Comments: Digest V7 #80 & 81

From: Bob Stancliff (stanclif@ufl.edu)
Date: Thu 16 Sep 1999 - 17:13:41 EEST


> Subject: Pavis Magic
> It appeals to me that Potonis is a series of individuals, in that the
> name of each of the Seven Masks is the name of the first wearer and also
> became an honorific title.
        Maybe. The wearer of Potonis might be called Potonis.

> I also am totally captivated with Keith's awesome idea that the Twin
> Hills were once a single long ridge called Magicians Hill.
        I cannot begin to fathom the need for this <deleted>...

> Since this was the item which focussed the magic of the Pavis Magicians
> its destruction may have been the last straw that broke the Pavis
> defense capability utterly.
        The Pavis book discusses the wizard's towers as defensive points. The
write-up in Strangers in Prax is excellent and uses the sorcery rules in a
believable fashion.
        The beginning of the end was when the Trolls broke the wall, and the
forts were built while the trolls went around crushing the sorcerers or
driving them away.

> Thus he was killed and Opili takes command saying "Now we have to
> adopt a new strategy because the <artifact> is gone. Let's build forts!"
        For "<artifact> is gone" substitute "the walls are broken and the gates
are gone".

> Also, was there a dragon involved (literally smashing the hill in two)
> and if so, why didn't it eat everyone in Pavis as an after-task snack?
        Pavis is only four miles across. Even a small dragon would have damaged
the walls and destroyed most of the inhabitants. Besides it would have
been important enough to get into the histories.
- ------------------------------

>> Waha - wounded by Pavis and Varajiia. Probably an incarnated Kahn.
> Makes no difference whether he's incarnated or not. He's still
> Waha. IMO Varajia is probably trying to make him sign the Great
> Compromise so that he can't cause trouble in the future.
        I have always interpreted the histories of Waha's early victories to be
literal. He would be a Hero/Demigod like Ralzakark who avoids divinity
because he wants to directly influence his followers and the world.
        In my opinion, he apotheosizes 'soon' after his healing by Pavis. This
is, of course, conjecture.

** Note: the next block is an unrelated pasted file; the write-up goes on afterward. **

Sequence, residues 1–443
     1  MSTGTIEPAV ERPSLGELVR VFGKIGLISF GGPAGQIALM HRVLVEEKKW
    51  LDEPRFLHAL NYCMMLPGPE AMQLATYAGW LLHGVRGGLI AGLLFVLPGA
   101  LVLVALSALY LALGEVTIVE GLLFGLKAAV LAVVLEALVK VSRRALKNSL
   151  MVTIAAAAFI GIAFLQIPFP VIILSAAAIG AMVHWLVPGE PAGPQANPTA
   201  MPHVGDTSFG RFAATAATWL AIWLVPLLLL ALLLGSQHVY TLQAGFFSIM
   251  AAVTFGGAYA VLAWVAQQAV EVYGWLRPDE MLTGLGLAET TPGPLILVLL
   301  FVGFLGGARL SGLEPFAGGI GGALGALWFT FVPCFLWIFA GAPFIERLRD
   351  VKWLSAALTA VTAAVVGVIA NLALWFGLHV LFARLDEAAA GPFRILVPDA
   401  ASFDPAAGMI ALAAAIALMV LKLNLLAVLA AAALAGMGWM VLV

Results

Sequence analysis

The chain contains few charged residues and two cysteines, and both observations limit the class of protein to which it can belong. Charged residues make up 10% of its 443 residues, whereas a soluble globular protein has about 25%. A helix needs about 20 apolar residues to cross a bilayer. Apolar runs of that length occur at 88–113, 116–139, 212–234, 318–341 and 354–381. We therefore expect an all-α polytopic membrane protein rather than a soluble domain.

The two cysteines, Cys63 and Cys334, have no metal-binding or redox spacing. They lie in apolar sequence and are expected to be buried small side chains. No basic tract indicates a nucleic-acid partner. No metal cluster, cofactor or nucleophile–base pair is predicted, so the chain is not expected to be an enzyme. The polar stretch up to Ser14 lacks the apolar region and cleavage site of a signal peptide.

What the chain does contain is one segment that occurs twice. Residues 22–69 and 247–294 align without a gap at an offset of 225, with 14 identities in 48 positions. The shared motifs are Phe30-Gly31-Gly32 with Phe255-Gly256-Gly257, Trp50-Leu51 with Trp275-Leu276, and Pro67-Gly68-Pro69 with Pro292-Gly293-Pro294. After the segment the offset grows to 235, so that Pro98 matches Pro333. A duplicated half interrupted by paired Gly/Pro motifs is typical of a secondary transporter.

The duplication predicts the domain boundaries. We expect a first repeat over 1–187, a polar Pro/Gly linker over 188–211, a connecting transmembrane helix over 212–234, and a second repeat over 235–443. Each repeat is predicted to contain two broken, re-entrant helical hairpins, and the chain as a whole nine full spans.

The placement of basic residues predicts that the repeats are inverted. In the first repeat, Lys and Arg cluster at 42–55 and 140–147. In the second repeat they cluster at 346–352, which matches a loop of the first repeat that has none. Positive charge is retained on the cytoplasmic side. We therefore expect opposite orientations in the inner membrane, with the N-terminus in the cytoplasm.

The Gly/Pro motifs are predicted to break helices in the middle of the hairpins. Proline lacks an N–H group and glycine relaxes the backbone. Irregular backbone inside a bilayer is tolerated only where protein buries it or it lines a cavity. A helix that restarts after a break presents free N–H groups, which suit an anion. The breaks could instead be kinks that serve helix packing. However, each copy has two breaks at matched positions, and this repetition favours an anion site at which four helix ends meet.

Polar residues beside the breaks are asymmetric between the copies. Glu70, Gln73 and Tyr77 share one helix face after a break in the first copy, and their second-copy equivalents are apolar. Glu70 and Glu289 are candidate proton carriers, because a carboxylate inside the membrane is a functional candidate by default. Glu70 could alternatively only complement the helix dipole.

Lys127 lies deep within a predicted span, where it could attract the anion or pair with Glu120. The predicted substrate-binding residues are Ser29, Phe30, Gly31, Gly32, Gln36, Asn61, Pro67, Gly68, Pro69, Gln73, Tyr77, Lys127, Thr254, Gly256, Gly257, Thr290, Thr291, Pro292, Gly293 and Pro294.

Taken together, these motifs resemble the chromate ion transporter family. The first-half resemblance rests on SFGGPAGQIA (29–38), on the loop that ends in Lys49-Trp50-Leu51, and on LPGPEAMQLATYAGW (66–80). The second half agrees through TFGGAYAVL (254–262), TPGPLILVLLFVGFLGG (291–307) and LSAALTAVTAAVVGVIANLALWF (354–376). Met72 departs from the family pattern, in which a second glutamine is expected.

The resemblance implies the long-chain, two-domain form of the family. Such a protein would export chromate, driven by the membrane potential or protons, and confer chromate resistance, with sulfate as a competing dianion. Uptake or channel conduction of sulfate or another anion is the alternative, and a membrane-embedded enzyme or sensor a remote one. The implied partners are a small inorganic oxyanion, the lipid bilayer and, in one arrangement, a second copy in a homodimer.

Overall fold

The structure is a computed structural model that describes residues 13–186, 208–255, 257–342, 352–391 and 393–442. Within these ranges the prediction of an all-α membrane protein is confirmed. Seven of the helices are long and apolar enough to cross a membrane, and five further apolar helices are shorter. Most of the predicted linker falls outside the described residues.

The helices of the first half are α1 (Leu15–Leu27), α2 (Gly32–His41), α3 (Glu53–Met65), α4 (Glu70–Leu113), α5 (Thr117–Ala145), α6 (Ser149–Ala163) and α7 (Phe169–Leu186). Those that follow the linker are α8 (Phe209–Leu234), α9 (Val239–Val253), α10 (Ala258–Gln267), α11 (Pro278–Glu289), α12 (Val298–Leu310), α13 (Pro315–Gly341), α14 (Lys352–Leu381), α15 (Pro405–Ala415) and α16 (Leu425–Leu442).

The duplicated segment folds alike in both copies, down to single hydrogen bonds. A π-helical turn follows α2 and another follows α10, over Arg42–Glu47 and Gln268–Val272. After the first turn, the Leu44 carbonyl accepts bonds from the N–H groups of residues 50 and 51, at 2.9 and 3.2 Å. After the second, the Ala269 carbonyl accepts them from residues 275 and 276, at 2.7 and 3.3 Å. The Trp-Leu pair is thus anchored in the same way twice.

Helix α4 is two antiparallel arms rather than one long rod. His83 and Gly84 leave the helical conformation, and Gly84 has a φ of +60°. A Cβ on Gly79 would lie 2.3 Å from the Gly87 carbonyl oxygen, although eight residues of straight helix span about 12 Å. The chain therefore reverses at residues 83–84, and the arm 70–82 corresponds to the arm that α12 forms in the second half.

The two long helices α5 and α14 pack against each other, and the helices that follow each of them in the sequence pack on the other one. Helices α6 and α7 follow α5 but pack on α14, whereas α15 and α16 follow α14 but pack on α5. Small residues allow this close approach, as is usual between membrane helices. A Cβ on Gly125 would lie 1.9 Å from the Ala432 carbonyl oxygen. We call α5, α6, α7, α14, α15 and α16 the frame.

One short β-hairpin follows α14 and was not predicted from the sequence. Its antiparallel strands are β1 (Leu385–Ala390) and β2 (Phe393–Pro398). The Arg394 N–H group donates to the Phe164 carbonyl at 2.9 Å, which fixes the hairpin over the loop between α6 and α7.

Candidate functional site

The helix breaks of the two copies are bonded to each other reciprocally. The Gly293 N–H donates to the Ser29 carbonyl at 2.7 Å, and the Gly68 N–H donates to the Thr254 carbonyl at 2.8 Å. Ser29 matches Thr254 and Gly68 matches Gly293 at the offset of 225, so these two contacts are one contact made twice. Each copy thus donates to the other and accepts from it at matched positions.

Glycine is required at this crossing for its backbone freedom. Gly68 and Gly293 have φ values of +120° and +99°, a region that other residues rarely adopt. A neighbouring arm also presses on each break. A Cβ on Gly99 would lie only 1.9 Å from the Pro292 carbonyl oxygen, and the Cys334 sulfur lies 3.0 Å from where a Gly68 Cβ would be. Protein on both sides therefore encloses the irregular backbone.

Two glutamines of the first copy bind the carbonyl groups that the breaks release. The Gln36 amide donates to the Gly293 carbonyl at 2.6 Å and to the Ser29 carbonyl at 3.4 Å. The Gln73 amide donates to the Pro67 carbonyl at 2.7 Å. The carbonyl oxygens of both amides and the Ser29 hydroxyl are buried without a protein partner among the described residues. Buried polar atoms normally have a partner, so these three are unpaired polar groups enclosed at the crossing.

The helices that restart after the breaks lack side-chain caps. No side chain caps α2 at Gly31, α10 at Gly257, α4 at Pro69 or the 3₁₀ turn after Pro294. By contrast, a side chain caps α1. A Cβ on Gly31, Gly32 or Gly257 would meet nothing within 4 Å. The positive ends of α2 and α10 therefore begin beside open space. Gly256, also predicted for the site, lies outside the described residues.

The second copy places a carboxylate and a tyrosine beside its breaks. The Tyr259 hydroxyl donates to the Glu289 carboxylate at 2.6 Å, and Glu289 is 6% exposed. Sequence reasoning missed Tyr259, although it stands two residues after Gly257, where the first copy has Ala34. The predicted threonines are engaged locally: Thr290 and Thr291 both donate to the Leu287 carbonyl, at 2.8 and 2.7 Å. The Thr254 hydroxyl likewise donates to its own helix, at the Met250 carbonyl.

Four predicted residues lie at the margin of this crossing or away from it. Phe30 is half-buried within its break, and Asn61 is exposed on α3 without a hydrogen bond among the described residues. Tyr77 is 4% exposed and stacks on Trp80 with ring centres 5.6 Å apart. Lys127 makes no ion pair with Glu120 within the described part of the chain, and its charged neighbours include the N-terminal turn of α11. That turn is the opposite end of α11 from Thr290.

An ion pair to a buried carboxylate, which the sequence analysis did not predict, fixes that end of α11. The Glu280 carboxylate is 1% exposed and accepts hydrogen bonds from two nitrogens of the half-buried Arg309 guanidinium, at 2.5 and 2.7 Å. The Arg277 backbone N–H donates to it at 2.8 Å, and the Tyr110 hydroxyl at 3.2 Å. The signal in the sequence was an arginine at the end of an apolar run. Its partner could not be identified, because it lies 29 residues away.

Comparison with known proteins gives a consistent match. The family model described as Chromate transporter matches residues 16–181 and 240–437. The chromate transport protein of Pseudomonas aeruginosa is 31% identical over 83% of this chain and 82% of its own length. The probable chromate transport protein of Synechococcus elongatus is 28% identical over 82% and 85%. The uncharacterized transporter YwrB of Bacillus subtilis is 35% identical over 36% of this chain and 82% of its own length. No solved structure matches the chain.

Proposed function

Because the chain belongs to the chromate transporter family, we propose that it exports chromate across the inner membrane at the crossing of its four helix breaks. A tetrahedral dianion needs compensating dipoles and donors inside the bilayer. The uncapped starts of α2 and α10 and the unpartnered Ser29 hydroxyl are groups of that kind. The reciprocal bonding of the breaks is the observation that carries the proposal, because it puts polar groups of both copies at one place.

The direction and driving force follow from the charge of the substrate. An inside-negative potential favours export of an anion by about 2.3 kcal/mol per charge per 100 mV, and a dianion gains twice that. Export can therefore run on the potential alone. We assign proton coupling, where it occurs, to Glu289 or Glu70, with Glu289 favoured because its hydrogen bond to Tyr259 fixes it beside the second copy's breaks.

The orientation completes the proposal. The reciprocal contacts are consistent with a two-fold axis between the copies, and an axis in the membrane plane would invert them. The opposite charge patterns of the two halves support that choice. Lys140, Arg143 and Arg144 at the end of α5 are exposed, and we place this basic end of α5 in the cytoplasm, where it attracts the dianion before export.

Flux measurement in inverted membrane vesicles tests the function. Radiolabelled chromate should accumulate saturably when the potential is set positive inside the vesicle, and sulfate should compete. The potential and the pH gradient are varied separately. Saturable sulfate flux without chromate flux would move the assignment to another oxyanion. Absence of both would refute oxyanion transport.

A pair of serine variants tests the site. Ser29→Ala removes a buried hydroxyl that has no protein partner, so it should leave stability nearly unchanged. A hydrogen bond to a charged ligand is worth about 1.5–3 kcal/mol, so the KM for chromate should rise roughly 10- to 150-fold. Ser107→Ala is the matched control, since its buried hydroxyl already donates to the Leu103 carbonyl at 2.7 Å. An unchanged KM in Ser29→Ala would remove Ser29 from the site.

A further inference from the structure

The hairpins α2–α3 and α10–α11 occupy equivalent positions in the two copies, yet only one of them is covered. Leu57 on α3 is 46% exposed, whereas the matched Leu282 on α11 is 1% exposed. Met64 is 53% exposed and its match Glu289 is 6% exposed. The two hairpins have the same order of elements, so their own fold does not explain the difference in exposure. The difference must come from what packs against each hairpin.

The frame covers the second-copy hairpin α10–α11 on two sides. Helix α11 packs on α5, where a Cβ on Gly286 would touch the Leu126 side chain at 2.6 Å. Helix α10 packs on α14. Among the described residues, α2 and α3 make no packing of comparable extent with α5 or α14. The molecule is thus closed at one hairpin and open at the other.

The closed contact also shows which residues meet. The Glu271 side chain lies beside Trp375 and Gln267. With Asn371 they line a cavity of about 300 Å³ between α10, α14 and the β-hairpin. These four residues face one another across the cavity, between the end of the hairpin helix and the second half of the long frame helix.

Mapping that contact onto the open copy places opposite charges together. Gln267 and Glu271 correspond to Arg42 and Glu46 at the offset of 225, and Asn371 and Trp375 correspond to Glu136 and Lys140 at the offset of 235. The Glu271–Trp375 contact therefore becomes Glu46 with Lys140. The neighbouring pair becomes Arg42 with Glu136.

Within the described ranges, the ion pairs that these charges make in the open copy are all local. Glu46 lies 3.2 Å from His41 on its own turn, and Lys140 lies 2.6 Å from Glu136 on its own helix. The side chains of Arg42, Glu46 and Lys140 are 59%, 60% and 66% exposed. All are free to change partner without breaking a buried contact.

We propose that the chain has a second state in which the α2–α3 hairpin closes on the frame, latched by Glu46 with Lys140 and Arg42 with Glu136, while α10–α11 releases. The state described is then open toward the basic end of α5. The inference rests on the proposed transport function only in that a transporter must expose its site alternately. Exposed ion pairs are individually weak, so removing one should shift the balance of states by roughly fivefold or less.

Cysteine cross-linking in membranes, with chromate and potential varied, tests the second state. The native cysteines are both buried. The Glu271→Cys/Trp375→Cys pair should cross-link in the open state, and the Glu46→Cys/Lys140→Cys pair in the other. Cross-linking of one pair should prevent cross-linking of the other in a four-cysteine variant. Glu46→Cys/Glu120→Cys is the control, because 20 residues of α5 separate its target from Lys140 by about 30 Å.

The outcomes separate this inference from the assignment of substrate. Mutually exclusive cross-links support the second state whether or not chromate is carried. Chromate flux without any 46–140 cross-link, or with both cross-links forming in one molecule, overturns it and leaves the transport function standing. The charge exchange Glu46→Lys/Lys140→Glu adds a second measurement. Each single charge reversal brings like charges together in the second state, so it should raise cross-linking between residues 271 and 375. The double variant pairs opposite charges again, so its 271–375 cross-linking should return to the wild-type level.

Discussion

- ------------------------------

> Has anyone out there looked into Orlanthi burial customs in any
> depth at all?
        As I recall, the Yelmalions burn on a smokeless fire to return the body
to the gods of Fire/Sky, while the Orlanthi commonly burn on a smoky fire
to return the body to the Winds. There are mentions of special people
being 'buried' on platforms, but this is mainly a Grazer rite. Apparently
Praxians burn too. In an Ernaldan dominated area, burial would be far
more likely for everyone and certainly true for members.

> I recall reading something a while back about Ty Kora Tek priestess all
> being mad old women, is this correct? Being a widow who lives in a cave
can't
> do much for your sanity, I suppose.
        There is a cult for all periods of a woman's life. Young girls and
virgins join Voria. Adult women join Ernalda, Esrola, or a Grain goddess,
but Ernaldan priestesses have to be mothers first. Women too old for
children join Ty Kora Tek or Asrelia (note: some names change by region).
These represent the tri-partite goddess: maiden, mother, crone... very
Gaelic.

        There are, of course side cults. Babeester Gor are the 'police' and
avengers of the Earth cults (they may marry). Maran Gor are the

destroyers (they never marry, males, including sons, are castrated or
possibly sacrificed). Vingan's are also avengers and warriors with far
fewer obligations than Bab.Gor's (they are also more likely to marry).
- ------------------------------

> *whereas Babeester Gor doesn't like male members at all
        This is far more true of Yelorna and Maran Gor, and is not a published
opinion of Bab.Gor!
Bob Stancliff
(stanclif@ufl.edu)

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